Erica Enders was writing her NHRA retirement letter after the first round of the Route 66 Nationals in Chicago last month.

The five-time Pro Stock champion had just lost, but while doing so she made the quickest pass of race day. In a season where anything that could go wrong seemingly has for Enders and her Elite Motorsports team, it was another gut punch.

“So, in one point, I’m writing my retirement letter because I suck, but at the other point, you’re like, ‘Oh, well, our race car has turned around, we’re seeing a glimmer of hope,’” Enders said Friday at Bristol Dragway. “We went and tested in Tulsa and proved what we think we found in Chicago.

“It’s hard to sit here and say, ‘Yeah, we found our problem and we’re going to come out here (and succeed),’ because until you get to a national event with the other competitors on the same racetrack, you don’t really have anything to go by. But we feel like we’re definitely headed in the right direction.”

The swing in emotion is, unfortunately, not new for Enders — at least not this year, sitting 14th in the championship standings with two round wins. It’s quite the turn for the veteran and her team, who climbed to the Pro Stock mountaintop in 2014 with her first world title and then set about putting on a masterclass of success and domination in the years to come.

Since the opening weekend of 2023 in Gainesville — when her car didn’t start for the first round of eliminations — it’s been one gremlin after another, days upon days of testing and a constant deciphering of what’s working and what’s not.

And for Enders, it’s become a mental game with herself.

“My sister (Courtney) joked yesterday on the way from the airport that we’re going to hide all the razor blades,” Enders said. “All joking aside, it’s painful. It sucks. It’s awful because you spend the same amount of money, you work just as hard, you’re trying everything you can and we didn’t forget what we’re doing. It’s just not working in our favor right now, and that’s OK.

“But it’s definitely dark. It definitely sucks. I’ve deleted my social media apps off my phone because I want to strangle idiots on the internet that have no clue what they’re talking about. But at the same time, it’s part of what comes with living in a fishbowl, right? They sit on their couch and eat Cheetos and they watch us race, and they think they can be a Monday morning quarterback when we’re doing all we can. We just try to keep a positive mental attitude about it. But the human aspect, it’s not always easy.”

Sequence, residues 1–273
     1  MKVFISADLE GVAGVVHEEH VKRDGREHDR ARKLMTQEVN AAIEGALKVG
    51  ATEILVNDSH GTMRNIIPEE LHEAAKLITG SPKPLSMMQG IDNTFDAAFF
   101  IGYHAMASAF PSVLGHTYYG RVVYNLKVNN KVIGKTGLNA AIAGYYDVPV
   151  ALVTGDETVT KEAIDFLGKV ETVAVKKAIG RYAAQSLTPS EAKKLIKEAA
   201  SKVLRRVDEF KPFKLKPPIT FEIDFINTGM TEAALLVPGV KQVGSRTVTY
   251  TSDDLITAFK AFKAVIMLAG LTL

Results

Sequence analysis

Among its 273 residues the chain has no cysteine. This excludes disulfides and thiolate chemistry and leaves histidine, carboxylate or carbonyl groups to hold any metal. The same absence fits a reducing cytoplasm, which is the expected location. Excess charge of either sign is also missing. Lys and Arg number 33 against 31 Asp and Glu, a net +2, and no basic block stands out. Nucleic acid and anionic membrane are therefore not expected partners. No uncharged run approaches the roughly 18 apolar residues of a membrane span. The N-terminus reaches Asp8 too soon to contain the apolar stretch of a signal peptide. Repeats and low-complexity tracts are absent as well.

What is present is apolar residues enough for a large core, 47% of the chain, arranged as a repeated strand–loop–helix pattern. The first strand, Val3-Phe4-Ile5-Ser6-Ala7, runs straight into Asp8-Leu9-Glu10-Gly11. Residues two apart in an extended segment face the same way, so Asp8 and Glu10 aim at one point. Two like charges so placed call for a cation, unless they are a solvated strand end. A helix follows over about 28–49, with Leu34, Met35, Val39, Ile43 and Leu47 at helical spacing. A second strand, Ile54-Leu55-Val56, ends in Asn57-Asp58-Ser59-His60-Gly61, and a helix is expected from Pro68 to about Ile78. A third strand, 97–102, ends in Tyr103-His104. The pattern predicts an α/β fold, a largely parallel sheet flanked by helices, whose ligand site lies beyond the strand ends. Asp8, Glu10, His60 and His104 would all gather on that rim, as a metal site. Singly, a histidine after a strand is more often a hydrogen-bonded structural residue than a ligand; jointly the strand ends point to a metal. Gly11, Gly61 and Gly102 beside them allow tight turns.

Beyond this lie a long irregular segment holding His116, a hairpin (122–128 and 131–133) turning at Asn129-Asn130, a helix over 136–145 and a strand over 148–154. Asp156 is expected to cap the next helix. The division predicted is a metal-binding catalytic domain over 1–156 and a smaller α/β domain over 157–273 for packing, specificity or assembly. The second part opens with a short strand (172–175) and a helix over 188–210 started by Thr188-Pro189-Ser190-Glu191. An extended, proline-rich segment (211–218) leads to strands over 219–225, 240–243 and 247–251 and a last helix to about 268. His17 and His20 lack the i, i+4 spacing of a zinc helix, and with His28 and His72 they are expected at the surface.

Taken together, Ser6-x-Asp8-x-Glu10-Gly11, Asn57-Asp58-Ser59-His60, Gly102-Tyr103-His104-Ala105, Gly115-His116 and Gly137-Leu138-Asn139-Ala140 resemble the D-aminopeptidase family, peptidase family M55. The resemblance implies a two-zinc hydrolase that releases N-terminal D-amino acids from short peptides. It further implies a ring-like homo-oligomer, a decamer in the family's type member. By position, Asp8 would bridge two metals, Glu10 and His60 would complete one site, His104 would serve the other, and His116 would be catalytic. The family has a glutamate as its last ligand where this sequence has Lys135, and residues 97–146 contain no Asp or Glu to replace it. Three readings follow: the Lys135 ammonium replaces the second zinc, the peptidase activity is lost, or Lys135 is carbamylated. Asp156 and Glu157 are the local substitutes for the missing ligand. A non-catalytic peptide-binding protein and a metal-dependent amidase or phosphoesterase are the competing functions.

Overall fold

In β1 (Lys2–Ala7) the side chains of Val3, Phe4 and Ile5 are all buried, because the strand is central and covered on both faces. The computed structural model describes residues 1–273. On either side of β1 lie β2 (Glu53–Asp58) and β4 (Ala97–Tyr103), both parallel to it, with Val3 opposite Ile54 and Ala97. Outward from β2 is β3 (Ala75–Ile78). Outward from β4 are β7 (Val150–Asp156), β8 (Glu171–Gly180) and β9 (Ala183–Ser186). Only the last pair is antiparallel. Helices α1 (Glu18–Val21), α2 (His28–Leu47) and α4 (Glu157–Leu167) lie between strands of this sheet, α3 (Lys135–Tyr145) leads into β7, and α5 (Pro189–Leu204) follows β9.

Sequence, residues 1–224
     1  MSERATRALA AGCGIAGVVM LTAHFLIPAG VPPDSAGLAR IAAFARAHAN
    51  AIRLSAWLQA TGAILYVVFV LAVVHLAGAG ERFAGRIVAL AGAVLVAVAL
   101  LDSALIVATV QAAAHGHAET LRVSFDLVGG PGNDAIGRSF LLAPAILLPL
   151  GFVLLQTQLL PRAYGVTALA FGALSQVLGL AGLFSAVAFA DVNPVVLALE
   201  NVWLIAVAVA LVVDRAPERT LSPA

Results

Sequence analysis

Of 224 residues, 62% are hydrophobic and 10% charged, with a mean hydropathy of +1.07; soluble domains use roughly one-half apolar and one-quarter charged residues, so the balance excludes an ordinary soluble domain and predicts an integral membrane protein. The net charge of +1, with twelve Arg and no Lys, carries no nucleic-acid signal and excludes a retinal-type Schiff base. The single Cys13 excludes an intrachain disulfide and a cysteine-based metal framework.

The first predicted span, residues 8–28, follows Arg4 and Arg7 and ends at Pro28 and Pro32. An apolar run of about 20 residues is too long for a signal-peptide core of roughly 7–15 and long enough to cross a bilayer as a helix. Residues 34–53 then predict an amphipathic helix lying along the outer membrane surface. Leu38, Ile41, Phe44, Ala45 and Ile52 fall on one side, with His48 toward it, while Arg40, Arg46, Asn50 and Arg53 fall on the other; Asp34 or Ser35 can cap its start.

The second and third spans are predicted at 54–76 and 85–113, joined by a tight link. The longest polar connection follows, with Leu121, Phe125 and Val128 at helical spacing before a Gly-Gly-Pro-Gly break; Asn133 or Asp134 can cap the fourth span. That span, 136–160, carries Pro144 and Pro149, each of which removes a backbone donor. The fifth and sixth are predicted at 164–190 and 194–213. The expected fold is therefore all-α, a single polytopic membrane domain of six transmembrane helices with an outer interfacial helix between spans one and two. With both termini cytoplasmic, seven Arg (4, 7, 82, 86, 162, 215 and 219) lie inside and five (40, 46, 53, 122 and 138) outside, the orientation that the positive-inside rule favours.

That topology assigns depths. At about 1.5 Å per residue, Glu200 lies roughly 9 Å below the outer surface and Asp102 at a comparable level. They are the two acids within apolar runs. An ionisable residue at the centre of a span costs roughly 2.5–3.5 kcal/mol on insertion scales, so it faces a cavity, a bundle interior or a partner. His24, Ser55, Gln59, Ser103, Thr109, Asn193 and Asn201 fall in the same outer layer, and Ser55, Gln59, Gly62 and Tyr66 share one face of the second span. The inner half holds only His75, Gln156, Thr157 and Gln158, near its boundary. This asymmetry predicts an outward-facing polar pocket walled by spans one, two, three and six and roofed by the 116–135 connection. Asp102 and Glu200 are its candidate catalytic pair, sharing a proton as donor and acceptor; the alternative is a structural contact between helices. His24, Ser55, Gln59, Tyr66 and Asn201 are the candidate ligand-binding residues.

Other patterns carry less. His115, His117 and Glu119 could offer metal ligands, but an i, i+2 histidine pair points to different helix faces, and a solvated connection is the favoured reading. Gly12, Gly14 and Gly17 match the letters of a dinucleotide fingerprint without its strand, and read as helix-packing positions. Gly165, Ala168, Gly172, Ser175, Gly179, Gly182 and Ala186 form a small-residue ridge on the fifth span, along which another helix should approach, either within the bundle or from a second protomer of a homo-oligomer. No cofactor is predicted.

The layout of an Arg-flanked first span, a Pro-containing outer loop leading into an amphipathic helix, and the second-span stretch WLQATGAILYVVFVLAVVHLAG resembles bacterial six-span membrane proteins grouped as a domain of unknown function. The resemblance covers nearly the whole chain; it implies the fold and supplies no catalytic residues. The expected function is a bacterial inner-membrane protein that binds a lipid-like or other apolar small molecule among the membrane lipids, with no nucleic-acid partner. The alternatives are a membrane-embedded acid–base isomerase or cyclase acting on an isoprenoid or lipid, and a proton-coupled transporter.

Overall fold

Enders is built for the challenge. She went a decade (also filled with ups and downs) before winning her first race in Pro Stock. After winning back-to-back world titles in 2014 and ’15, she went winless in 2016 and had just two wins across the following two seasons.

A positive mental attitude might be the right approach, but it’s easier said than done. Through the rough start to her 10th season with Elite, Enders admits it’s hard not putting it all on her shoulders.

“One of my crew chiefs, this morning, walked in and he put a finger on each…temple, and he’s like, ‘It’s the six inches right here that’s going to make the difference.’ That’s what’s made the difference and made me a five-time world champion — what happens up here,” she says, gesturing to her own head. “And I give my dad a lot of credit for that because, before he made his money in business, he was a positive mental attitude coach. Courtney and I grew up in that environment. We didn’t have to go and sit in seminars; it was pounded into our heads since we were little kids.

“Being mentally strong and mentally tough is a huge benefit. But there’s the other side of it where some mornings you wake up and you really have to talk yourself into it. You get out of the rental car and you’re like, ‘I do not want to deal with these people today.’ But we’re all human, we all put our pants on the same way. It’s a struggle, but you just have to focus on the good. I could have a normal job and go to work from 9 to 5, but instead, I get to come out here and play with race cars.”

Enders sat in the No. 3 qualifying spot after the first round Friday in Bristol. If the team has found what they’ve been searching for and believes a turnaround is near, she isn’t looking to regain all the lost ground in one race. At this point, just a good result of any kind will be a welcome deep breath for everyone.

“Absolutely,” Enders said. “I joke about it, but (everyone’s) like, ‘We’re going to go to Bristol and we’re going to win this weekend.’ I’m like, ‘(Expletive), I want to win first round. Let’s talk about that. Let’s take baby steps and just get there.’

“But coming off a 10-race-win season with 13 final round appearances and our fifth world title, it’s hard to swallow because, again, we didn’t forget. But I think that to just get the momentum to swing in the opposite direction would be huge for us. I’m looking forward to that.”